COVID-19, the global pandemic that resulted from it, and the insufficient U.S. response revealed a multitude of issues but none perhaps as pressing than the direct challenge to President Trump’s nationalist agenda and anti-immigrant rhetoric. As the nation prepares to vote with the effects of the pandemic still looming and President Trump seeking re-election, what must be called to question is the voracity with which he launched his “America first” campaign. Just 90-seconds into the speech announcing his candidacy for president, Trump proclaimed: “They (Mexico) are not our friend, believe me. But they’re killing us economically.” In another speech he went on to label immigrants from Mexico “criminals” and “rapist.”
What has become painfully difficult to ignore are the systematic ways in which people of color have been disproportionately impacted by the COVID-19 pandemic. Long-standing inequities in both access to and ability to pay for quality healthcare have meant a disproportionately high number of COVID-19 cases among the Black and Latino populations in this country. According to the Centers for Disease Control, Hispanic/Latinos made up the largest subset of the population living in what were identified as “hotspots”, or, those areas with the highest amounts of new cases. The CDC also released data suggesting that people of color are more likely to contract the virus and require hospitalization thanks to these long-standing health and social condition inequalities. The CDC advised in March of this year to develop “culturally responsive targeted interventions” to these hotspot areas. This warning was ignored along with every other actionable suggestion by a president who had spent too long establishing the narrative that this population was full of criminals and people intent on stealing the jobs of white U.S. citizens.
A Democracy Fund/UCLA survey uncovered that 56% of Latinos experienced a drop in household income, leading surveyed respondents by at least 11% points (whites 43% Blacks 45%). In the same poll, Latinos led again in those who “experienced difficulty in making a mortgage payment or paying rent over the last 12 months” with 40%, while 30% of white and 29% of Black respondents reported the same difficulty. This data points to various ways in which Latinos have been hit hardest by the COVID-19 pandemic. Psychologically, as well, Latinos have been most worried about their financial stability and economic security. The unemployment rate among Hispanics has spiked since the outbreak with women, especially, bearing the brunt of this burden. According to a Pew Research survey, Hispanic women have suffered a 15% increase in unemployment--a number higher than that during The Great Recession of 2007.
As for Hispanic-owned businesses, they too have been unequally impacted the COVID-19 financial fallout. A Hobby School survey using Houston Texas and its 44% Hispanic population as a case study found that 33% of respondents expected their 2020 revenues to drop more than 50% compared to their 2019 revenues. 11% of respondents reported that they were no longer able to make rent payments for their businesses with an additional 15% reporting an inability to pay their business loans. The high level and continuing uncertainty regarding the federal response to the pandemic and relief efforts that have stalled in Congress mean that these vital areas of population may never recover from being marginalized in the wake of the virus outbreak.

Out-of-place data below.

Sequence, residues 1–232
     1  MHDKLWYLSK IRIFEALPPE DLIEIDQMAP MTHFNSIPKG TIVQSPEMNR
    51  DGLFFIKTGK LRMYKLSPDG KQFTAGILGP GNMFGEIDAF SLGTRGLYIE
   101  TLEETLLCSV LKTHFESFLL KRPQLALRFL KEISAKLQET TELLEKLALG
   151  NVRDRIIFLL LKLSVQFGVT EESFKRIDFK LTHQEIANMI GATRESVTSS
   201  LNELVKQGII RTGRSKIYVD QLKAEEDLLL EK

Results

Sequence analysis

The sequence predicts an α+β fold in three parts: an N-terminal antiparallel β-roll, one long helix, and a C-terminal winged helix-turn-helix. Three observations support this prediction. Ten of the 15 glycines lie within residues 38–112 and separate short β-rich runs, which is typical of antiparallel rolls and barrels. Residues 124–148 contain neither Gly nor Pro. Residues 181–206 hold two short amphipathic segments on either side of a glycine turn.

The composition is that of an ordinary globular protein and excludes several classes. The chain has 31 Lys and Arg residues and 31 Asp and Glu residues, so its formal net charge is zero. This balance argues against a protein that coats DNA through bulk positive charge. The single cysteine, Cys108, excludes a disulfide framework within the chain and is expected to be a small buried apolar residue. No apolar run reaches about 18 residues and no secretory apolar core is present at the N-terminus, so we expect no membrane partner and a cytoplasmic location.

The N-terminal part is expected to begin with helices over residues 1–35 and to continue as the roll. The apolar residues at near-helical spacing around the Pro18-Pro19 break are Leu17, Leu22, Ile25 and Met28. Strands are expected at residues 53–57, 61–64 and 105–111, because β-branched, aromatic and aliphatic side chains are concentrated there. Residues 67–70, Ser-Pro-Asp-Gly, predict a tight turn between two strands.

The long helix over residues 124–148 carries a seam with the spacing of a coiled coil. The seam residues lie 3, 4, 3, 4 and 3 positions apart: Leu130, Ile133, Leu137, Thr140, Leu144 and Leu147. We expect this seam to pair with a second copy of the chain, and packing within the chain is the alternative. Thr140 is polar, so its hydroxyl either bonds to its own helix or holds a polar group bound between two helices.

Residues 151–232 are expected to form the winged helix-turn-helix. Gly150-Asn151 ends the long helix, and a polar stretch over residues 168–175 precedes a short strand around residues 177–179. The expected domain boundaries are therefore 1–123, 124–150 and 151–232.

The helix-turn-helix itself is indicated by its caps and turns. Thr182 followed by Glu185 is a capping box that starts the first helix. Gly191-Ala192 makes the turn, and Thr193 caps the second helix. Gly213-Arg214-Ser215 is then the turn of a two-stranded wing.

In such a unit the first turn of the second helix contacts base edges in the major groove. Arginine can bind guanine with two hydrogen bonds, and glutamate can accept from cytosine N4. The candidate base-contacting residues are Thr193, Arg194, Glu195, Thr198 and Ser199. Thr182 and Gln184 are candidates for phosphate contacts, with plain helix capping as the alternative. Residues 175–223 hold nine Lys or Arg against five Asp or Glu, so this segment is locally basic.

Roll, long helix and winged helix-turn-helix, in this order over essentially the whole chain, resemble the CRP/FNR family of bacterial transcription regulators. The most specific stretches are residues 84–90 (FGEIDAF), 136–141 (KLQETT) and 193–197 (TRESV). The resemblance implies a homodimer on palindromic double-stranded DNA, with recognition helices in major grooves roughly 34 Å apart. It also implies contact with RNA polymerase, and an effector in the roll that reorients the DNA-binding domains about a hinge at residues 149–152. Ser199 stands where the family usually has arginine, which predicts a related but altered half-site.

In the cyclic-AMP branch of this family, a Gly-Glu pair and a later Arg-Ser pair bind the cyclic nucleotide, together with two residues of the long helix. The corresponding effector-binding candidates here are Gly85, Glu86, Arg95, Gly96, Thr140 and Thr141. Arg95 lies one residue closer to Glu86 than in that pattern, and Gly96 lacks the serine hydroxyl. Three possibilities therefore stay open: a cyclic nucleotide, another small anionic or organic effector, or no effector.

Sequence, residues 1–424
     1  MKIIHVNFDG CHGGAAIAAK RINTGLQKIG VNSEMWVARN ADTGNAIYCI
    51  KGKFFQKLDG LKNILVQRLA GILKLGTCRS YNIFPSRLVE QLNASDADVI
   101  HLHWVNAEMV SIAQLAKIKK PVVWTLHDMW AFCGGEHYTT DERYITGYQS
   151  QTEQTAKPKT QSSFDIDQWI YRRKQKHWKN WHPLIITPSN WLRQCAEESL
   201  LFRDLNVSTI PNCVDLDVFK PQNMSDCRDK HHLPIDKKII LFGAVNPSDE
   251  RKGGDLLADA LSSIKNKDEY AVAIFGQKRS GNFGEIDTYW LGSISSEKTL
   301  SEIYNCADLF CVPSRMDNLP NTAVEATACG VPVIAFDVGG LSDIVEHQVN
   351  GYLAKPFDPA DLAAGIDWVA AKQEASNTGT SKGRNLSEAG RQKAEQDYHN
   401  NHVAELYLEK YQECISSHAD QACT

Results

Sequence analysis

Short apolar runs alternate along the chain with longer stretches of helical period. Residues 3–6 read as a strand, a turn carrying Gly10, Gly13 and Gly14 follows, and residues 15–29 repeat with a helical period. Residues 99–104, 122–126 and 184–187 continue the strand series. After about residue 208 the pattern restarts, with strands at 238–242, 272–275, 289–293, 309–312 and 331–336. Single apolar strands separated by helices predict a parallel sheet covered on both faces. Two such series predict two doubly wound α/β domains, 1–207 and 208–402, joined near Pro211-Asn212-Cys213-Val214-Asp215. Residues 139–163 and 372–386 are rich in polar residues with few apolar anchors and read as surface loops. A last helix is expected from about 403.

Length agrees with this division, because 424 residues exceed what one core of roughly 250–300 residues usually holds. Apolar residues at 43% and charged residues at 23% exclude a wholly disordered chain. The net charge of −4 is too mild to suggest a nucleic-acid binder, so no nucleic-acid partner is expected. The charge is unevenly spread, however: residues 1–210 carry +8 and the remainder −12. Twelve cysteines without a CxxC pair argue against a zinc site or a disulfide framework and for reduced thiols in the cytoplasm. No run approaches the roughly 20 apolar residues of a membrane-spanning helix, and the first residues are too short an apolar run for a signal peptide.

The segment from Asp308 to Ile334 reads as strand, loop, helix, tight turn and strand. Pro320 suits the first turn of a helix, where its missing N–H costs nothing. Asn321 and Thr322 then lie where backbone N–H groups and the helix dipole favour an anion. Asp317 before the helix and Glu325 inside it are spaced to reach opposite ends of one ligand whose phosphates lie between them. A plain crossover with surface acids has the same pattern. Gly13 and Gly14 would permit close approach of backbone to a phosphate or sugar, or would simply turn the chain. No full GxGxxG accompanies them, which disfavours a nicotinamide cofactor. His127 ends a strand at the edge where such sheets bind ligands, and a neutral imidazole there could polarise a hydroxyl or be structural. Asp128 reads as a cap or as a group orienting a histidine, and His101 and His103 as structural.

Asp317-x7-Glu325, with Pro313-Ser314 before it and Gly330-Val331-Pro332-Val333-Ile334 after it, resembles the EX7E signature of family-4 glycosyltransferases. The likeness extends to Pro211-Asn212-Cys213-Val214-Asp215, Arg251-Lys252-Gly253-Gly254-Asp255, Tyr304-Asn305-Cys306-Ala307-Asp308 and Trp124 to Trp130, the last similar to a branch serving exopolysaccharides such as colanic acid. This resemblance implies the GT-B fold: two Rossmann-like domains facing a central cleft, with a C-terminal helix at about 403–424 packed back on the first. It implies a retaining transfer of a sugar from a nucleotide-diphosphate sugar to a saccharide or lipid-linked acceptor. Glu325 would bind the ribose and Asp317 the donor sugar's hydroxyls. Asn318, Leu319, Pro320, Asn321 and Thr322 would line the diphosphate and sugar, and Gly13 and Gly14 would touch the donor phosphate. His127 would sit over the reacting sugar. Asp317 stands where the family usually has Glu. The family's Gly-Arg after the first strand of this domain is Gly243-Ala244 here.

Such numbers present a troubling bias against people of color especially against the hardest hit, the Latino population. What can also be extracted from the Pew Research data is a nationalist bias against those Latinos born outside of the country, with those who were born in the United States faring slightly better. In April, the unemployment rate for non-US born Latinos peaked at 18%. Adding insult to injury, as Trump’s rhetoric continued to demonize migrant workers in this country, the pandemic made clear their contribution in a time of need as many of them were labeled “essential workers” by the very state that demonized them.
After four years of anti-Latino rhetoric and nationalist policies espoused and supported by the president, it’s no wonder that Latinos suffered disproportionately once the pandemic hit. It’s also no wonder that targeted policies and specified aid were never distributed to these communities. As part in parcel to the political apparatus, language and rhetoric have an insidious effect on the masses. Acting as a dog whistle and a call to mobilization for supporters, trump’s bombast cannot simply be reduced to the ramblings of a man who “speaks truth no one wants to hear”, as it has been classified. On the contrary, his rhetoric—strategically deployed—has led to the social realities in which the very group he has spent his term targeting is the group that has experienced an unbalanced burden in the wake of COVID-19.
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Roberto Rincon joined the Political Science and Global Studies faculty as a lecturer in the Fall of 2019. He is completing his Ph.D. in the Political Science Department at the University of Illinois at Chicago. His dissertation, Migrating Identities: A Transnational Study of Afro-Mexican Racial Identification offers a transnational analysis of the ways in which legal status, phenotype and political context shape the black racial identification of Afro-Mexicans as they migrate within and across national borders. His work is based on multi-sited ethnographic research in the Costa Chica region of Southern Mexico and in Afro-Mexican communities in Winston-Salem, North Carolina. His research interests include 20th and 21st century Racial and Ethnic Politics in Latin America; Afro-Mexican Studies, LatinX Studies, Social Movements Theory; Cultural Studies, and Postcolonial Theory.